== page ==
Corollary to the above: The greater the technological and social advantage of the changed societies in question, the greater the wank.
Originally used in a joking context by Blue Max at the link posted above, Max's First Law is, while perhaps not an absolute truth, at least a prima facie guideline that's true in most cases. The factors behind the wank would be:
1.) Technological Advantage. A society or group from the future knows how to do more things more efficiently than people in the past do. Even an advantage of the last 20 years would be a very serious affair. Generally, a technological edge holds unless the ISOT is between a nation pre and post collapse.
2.) Foresight. Knowing what happens in the Past, at least before the butterfly effect becomes dominant, can provide critical advantages. In this regard, even an ISOT to yesterday can be a strong boon.
3.) Access to Increased Resources. Past societies have more non-reusable resources available than are available in the present. This means that more oil, coal, and groundwater can be used for a nation (or group, society, or relevant term.)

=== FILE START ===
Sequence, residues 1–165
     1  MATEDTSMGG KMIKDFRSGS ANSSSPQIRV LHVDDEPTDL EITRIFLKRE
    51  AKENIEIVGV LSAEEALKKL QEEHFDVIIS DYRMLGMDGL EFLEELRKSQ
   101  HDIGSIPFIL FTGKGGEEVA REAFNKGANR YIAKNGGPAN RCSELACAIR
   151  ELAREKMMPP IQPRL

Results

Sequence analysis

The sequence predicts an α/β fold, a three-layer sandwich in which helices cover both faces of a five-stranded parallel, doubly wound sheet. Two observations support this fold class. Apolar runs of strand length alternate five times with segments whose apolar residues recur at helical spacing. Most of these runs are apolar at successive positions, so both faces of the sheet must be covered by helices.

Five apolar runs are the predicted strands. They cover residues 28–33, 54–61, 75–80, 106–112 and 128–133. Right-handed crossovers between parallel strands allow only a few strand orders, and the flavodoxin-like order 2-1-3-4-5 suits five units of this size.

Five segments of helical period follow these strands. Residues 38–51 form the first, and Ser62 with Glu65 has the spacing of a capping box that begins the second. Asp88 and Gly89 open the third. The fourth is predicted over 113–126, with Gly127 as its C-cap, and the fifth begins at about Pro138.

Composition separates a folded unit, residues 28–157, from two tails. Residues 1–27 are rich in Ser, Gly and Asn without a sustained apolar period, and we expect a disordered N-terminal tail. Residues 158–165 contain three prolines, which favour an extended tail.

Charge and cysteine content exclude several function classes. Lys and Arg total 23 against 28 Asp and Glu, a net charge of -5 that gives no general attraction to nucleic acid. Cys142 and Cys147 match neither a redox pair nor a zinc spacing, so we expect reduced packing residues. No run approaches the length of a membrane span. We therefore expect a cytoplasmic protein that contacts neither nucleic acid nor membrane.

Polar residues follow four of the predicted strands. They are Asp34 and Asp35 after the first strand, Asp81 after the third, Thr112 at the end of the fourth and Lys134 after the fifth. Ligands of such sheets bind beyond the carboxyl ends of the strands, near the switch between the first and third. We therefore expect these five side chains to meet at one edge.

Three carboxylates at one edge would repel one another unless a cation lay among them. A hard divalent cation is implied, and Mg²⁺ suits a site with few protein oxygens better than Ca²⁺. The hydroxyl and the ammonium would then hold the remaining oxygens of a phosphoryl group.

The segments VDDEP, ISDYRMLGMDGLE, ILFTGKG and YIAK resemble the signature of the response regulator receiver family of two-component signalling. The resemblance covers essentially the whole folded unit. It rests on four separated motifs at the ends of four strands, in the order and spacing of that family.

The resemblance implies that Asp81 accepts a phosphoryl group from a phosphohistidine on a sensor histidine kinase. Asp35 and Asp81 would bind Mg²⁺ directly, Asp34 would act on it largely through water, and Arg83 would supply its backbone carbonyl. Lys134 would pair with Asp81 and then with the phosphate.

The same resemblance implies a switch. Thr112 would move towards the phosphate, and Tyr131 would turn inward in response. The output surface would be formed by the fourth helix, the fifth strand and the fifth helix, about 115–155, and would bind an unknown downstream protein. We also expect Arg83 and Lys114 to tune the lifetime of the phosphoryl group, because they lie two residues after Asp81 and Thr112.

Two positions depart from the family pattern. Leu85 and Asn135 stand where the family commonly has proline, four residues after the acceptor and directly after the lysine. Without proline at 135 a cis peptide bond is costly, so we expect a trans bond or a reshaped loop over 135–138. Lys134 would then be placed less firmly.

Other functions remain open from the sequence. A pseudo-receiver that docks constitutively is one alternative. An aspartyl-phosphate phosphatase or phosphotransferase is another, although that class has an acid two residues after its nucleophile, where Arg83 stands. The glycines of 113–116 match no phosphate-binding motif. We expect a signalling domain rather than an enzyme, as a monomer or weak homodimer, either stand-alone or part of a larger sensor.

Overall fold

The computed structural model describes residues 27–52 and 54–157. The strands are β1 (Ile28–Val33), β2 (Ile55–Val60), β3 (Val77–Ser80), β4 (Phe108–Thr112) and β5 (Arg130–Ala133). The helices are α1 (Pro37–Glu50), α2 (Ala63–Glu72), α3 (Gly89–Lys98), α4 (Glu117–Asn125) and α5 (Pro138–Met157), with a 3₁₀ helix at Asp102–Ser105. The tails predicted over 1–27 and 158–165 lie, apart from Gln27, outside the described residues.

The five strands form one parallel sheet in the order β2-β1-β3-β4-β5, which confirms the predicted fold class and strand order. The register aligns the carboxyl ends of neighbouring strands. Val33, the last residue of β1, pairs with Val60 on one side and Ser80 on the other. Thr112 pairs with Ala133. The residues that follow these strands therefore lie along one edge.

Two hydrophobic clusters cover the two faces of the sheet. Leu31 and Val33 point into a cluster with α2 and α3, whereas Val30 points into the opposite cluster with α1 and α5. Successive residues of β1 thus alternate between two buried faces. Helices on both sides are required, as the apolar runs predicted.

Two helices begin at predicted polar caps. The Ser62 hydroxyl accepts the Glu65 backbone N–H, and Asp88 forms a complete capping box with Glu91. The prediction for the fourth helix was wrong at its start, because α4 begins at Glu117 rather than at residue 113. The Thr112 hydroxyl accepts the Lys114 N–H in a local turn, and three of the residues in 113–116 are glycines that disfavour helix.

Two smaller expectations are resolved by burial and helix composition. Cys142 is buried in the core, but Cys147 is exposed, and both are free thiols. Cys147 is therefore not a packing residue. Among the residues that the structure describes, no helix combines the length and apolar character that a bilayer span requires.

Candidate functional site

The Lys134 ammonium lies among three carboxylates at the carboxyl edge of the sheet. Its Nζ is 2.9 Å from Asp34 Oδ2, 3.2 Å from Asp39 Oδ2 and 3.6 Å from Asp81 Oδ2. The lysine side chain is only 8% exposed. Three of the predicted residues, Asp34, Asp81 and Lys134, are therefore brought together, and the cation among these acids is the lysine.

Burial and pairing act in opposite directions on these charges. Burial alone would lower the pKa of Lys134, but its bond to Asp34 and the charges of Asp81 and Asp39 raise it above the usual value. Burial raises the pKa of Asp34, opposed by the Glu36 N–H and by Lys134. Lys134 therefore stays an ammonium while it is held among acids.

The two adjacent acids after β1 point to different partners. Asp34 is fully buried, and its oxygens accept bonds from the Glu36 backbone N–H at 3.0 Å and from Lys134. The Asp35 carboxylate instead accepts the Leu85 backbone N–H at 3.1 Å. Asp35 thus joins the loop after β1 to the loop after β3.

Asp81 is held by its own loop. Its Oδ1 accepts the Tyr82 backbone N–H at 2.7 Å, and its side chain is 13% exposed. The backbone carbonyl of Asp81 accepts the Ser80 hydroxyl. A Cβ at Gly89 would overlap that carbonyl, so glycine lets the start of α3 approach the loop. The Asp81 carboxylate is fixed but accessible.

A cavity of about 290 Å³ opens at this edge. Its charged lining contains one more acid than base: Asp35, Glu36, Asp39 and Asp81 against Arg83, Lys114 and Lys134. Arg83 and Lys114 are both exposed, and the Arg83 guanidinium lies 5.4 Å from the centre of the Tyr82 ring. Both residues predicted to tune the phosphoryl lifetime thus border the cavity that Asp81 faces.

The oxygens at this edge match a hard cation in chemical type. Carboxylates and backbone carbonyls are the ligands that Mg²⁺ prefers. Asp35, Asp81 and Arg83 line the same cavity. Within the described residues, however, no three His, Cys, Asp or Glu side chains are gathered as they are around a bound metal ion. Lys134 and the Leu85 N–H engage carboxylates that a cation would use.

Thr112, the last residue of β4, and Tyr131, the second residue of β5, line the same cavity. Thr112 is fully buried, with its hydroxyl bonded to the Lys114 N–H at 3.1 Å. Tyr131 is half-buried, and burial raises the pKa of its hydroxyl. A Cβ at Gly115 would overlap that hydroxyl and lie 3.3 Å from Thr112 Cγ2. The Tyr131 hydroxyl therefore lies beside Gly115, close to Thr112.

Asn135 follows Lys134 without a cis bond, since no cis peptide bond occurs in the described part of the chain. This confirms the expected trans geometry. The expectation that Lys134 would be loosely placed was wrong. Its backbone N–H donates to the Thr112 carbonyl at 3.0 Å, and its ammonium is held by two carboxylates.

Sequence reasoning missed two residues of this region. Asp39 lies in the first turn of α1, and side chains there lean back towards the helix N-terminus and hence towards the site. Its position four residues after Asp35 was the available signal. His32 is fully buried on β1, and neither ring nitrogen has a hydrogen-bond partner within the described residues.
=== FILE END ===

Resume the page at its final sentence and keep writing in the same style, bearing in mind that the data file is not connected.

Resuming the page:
These three factors tend to make most ISOTs wanks; and in general, the further in the past the ISOT, the greater the wank. This premise is perhaps simple common sense, but despite this observation, ISOTs remain common ASB threads.
This approach is not upheld by Harry Turtledove (in, e.g., The Guns of the South) and is also strongly objected to by Thande as anachronic prejudice (or “time-ism” as the writers of 1632 call it). Thande's own story series There'll Always Be An England originated as an attempt to show how ridiculous this idea is by having the past defeat the present.